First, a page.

Another, unfortunate, thing that can be triggered in us irrational humans is being overwhelmed by panic. There is a state we can enter where we don’t feel like we know what to do. We’re overwhelmed, and we can’t process anything. It can be that we’ve got sensory overload (see The Signal and the Noise for more). It may also be that, in our quick assessment of whatever is going on, we’ve decided there’s nothing we can do. (See Emotion and Adaptation.) Said differently, we may have rapidly lost hope that there’s a way out of the situation. (See The Psychology of Hope.) Irrespective of the cause, the result is the same. The result is that we’ll do nothing. That’s why it’s important when communicating with the market that you don’t create panic, because the result is generally a lack of action.

Hopefully, you’ll decide that it’s time to look behind the curtain and find out more about The Hidden Persuaders.

Book Review-Descartes’ Error: Emotion, Reason and the Human Brain

I think, therefore I am. Reason never had a stronger advocate than Descartes. However, Descartes encapsulated all that is human into our rational thought, and in doing so separated the inseparable connection between reason and emotion – at least, that’s Antonio Damasio’s argument in Descartes’ Error: Emotion, Reason, and the Human Brain. Damasio’s in good company. How Emotions Are Made and The Tell-Tale Brain both agree that the relationship between emotions and reason is complex. Daniel Kahneman expresses a similar sentiment in Thinking, Fast and Slow when he explains that our automatic processing (System 1) can mislead our rational thinking brain (System 2).

Friends or Foes

At the heart of Damasio’s argument is the belief that emotions can be helpful to rational behavior – that without the capacity for emotions, rational thought is robbed of its power and drive. Through the study of patients with neurological trauma in various regions of their brain and using neural imaging (mostly fMRI), his research led him to a hypothesis of somatic markers that inform the reasoning process.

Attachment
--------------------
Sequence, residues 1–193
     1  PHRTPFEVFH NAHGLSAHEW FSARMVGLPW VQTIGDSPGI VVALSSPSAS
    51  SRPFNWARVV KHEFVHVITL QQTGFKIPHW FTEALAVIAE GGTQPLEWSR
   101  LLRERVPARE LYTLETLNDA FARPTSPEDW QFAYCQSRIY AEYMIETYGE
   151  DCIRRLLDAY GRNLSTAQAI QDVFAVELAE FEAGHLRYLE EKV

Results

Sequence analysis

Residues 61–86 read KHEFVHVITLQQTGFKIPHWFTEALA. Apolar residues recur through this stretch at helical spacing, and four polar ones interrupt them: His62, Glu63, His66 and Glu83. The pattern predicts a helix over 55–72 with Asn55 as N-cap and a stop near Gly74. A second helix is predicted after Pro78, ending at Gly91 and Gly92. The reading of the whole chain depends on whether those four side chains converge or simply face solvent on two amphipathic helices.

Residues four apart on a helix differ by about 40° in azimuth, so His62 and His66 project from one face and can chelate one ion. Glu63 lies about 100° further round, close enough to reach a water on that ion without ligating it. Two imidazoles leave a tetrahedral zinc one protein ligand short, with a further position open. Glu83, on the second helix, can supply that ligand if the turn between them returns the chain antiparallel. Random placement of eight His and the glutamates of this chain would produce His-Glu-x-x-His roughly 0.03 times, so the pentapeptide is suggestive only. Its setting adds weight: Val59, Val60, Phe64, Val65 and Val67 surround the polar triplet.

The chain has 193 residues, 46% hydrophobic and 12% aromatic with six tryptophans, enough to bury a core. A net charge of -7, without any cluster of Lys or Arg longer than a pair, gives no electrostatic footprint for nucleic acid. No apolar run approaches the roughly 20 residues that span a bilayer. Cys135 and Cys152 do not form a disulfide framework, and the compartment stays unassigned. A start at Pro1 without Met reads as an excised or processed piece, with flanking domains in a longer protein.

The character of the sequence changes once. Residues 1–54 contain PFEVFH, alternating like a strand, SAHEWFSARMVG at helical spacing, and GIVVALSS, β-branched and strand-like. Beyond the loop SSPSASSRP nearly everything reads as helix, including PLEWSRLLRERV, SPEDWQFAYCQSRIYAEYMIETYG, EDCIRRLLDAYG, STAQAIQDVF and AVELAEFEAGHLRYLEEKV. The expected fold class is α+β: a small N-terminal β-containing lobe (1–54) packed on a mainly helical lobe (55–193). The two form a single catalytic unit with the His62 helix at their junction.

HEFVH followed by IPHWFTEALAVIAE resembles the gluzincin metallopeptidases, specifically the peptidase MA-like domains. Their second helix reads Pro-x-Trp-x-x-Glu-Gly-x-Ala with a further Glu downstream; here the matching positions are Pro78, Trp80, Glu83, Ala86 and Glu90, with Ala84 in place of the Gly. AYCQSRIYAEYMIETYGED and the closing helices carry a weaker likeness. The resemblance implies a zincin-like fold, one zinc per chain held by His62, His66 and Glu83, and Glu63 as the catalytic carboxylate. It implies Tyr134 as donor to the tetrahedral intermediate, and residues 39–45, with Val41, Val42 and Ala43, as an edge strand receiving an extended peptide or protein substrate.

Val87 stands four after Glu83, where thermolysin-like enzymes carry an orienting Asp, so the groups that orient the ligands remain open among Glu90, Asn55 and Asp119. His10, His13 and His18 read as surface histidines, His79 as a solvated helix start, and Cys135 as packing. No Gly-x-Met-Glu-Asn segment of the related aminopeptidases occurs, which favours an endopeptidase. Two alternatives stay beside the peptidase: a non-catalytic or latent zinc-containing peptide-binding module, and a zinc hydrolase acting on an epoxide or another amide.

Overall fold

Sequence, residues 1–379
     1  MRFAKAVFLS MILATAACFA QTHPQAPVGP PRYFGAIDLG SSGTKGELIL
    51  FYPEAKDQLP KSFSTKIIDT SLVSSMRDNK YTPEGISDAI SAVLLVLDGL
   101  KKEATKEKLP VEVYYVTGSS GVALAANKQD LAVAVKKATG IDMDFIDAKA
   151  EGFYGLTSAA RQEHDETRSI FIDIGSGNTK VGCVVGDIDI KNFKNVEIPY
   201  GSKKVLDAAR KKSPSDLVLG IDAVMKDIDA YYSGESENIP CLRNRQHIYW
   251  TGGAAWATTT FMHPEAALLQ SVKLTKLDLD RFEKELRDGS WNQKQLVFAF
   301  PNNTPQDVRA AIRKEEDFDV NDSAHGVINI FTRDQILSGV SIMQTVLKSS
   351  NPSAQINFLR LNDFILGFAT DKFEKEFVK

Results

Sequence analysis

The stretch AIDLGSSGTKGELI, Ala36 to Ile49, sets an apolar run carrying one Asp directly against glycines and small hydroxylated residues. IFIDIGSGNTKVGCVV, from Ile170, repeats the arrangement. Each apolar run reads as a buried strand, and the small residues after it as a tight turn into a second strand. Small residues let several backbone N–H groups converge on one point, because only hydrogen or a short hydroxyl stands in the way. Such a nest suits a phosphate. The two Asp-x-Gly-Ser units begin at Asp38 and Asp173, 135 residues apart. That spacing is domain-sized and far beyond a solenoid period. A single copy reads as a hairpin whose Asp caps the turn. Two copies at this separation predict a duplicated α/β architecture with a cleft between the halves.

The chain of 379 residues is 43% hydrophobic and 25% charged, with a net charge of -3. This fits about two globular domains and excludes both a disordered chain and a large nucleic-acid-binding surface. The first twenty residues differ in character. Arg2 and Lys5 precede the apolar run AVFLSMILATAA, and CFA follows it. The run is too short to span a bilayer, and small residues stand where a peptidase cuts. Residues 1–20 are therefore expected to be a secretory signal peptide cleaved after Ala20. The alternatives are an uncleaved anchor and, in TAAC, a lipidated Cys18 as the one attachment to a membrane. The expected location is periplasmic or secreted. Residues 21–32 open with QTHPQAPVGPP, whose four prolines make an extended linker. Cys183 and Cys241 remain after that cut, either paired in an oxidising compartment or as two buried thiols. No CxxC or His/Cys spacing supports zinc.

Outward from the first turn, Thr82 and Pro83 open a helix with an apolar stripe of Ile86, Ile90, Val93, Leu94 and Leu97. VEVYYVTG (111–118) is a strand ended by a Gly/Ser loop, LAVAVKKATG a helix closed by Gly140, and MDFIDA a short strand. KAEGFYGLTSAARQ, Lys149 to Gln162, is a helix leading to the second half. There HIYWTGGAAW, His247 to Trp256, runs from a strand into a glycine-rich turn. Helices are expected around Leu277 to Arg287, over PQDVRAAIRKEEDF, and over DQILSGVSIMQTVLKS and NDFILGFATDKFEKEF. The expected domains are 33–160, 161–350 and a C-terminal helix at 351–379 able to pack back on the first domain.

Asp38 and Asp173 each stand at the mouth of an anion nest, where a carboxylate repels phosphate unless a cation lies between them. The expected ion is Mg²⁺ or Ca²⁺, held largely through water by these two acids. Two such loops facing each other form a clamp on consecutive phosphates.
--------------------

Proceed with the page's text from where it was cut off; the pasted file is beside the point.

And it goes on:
The reasoning is basically that the primary emotions we feel shape the way we reason our way through problems.

Mind and Body

There’s a reasonable case to be made that what we attribute to our brains occurs more broadly in our bodies. Our hearts and our digestive systems both have substantial neurons. There’s direct imaging to couple patterns of activation in our brains to various emotional states and thinking patterns. However, that imaging doesn’t preclude activation in other parts of our body.

Given the electrochemical nature of the signaling the brain uses – and the apparent ability for the heart to reject that signaling – it’s not hard to believe that sometimes our bodies have a mind of their own.

Similarly, learning from the experience with those suffering from phantom limb syndrome and the treatments that rely on creating a visualization of the amputated arm, it’s a reasonable hypothesis that our brains rely on the constant signaling from our bodies to shape their processing. When robbed of this data, they sometimes end up in altered states. It seems like the body is our ground state – our frame of reference – for our thinking, and without it, we’re not in our right minds.